At first, only a few things are known about the celestial object that astronomers dub Rama. It is huge, weighing more than ten trillion tons....
Before the week is out, both the existence Erasmus abandoned and the one he embraced will stand poised on the perilous brink of cataclysmic change....
The war raged across the galaxy. Billions had died, billions more were doomed....
Set on a desert planet, Dune is the story of Paul Atreides, who would become the mysterious Maud'dib, avenge a plot against his family, and bring to fruition humankind's most ancient dream....
At last, one of the world’s greatest works of science fiction is available - just as author Stanislaw Lem intended it....
An engrossing insider's account of how a teacher built one of the world's most valuable companies - rivaling Walmart and Amazon - and forever reshaped the global economy....
Travelers visit many strange places. They see very many wonderful things. When they return home they tell wonderful stories about what they have seen....
William Mandella is a soldier in Earth's elite brigade....
Set against the backdrop of China’s Cultural Revolution, a secret military project sends signals into space to establish contact with aliens....
FitzChivalry - royal bastard and former king’s assassin - has left his life of intrigue behind. As far as the rest of the world knows, FitzChivalry Farseer is dead....
Bob Johansson has just sold his software company and is looking forward to a life of leisure....
In what is considered one of Heinlein's most hair-raising, thought-provoking, and outrageous adventures, the master of modern science fiction tells the strange story of an even stranger world....
The war with the Buggers has been raging for a hundred years, and the quest for the perfect general has been underway for almost as long. Enter Andrew "Ender" Wiggin....
The Left Hand of Darkness tells the story of a lone human emissary to Winter, an alien world whose inhabitants can change their gender....
Tremendous in scope and breathtaking in its suspense, Atlas Shrugged is Ayn Rand's magnum opus, an electrifying moral defense of capitalism and free enterprise....
There is a formula for success that's been followed by the icons of history...a formula that let them turn obstacles into opportunities....
Glen Runciter runs a lucrative business - deploying his teams of anti-psychics to corporate clients who want privacy and security from psychic spies....
Born into an alternative frontier America where life is hard and folk magic is real, Alvin is gifted with power, but he must learn to use his gift wisely....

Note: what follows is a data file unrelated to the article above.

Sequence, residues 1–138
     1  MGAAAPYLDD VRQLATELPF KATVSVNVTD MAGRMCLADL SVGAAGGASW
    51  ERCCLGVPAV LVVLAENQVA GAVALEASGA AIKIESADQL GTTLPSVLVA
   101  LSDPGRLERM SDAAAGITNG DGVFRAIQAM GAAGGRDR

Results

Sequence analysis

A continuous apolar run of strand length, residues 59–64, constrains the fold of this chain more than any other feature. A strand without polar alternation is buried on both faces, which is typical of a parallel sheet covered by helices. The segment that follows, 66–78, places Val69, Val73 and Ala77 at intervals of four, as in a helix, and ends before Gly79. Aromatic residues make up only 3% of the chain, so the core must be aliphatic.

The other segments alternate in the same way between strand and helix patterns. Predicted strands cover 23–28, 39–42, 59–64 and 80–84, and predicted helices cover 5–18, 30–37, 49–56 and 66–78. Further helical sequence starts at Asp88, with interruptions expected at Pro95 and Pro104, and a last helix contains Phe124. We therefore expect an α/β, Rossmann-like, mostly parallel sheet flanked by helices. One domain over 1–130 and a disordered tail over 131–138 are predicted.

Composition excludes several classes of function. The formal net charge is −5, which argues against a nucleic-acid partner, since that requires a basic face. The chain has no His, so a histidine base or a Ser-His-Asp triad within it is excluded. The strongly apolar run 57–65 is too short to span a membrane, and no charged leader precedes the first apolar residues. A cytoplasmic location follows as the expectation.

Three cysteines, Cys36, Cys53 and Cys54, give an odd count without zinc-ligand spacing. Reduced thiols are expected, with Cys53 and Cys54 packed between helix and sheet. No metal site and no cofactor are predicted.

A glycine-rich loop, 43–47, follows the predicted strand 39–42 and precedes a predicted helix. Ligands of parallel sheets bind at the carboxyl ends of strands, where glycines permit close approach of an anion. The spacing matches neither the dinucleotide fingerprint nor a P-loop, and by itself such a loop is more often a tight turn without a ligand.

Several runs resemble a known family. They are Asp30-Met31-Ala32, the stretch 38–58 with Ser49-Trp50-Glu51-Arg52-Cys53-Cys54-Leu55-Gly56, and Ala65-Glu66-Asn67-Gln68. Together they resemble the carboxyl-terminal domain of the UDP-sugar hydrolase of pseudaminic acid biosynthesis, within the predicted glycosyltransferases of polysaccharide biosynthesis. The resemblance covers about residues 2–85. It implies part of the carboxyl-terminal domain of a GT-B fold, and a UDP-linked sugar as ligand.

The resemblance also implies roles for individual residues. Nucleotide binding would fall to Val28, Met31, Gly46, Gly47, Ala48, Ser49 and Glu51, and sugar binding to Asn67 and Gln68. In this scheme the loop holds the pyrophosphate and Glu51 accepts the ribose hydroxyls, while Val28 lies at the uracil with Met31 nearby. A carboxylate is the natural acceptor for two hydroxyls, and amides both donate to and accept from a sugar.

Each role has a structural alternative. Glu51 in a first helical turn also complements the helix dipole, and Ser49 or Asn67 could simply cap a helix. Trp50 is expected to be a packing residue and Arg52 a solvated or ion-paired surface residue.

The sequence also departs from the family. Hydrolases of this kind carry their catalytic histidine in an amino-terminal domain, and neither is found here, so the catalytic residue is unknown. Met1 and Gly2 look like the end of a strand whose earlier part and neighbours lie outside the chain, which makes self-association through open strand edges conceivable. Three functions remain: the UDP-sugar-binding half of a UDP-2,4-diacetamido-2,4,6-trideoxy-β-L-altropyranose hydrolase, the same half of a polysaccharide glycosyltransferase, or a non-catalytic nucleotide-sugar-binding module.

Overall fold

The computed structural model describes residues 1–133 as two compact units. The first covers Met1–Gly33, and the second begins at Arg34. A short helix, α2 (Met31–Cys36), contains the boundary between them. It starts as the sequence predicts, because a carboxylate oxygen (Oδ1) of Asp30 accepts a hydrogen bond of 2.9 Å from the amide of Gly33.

Epic, entertaining, blasphemous, this is the most influential and controversial of Science Fiction novels.
Stranger in a Strange Land caused uproar when it was first published as it savaged conventional religious, sexual, and social ideals. Many years in the future, Valentine Michael Smith's upbringing is exceptional. Orphan child to two astronauts killed in space, he is raised on Mars. Twenty-five years later he is "rescued" and brought back to Earth. The initial enthusiasm of the administration in Smith's safe return is soon dampened by the realisation that they cannot control him. Possessed with superhuman skills and a unique philosophy he threatens their society - Smith must be contained.
Then a nurse helps him escape his hospital jail. Their flight becomes a journey of discovery, enlightenment and wonder. But danger is following fast behind, and there will be no escape from the final confrontation.
Worryingly many of the threads of the book are still relevant today; of course, not all. It is remarkable how many things writers of that time, it was published in 1961, got predictions right - video phoning, mobile phones in cars, etc. But some of his notions are really out of date; his writing of women characters is very much the thinking of the 50s; although I can see him struggle with modern concepts of their place in changing times.
The reader does a good job with a long book. Sometimes the voices lose distinction and it is momentarily hard to work out who is speaking, but that is a minor issue. More difficult is the he uses whispering to indicate some of the "speech" which makes the dialogue un-hearable; good intentions, but doesn't work with an audiobook.
Some parts can drag on ... mainly because their novelty at the time doesn't translate to our modern times, but it's worth persevering. The original draft was 220,000 words, published in 1991, but the editors got him to cut it down to 160,067 words, 1961. I'm not sure which version this is. Received the Hugo Award for Best Novel (Wikipedia).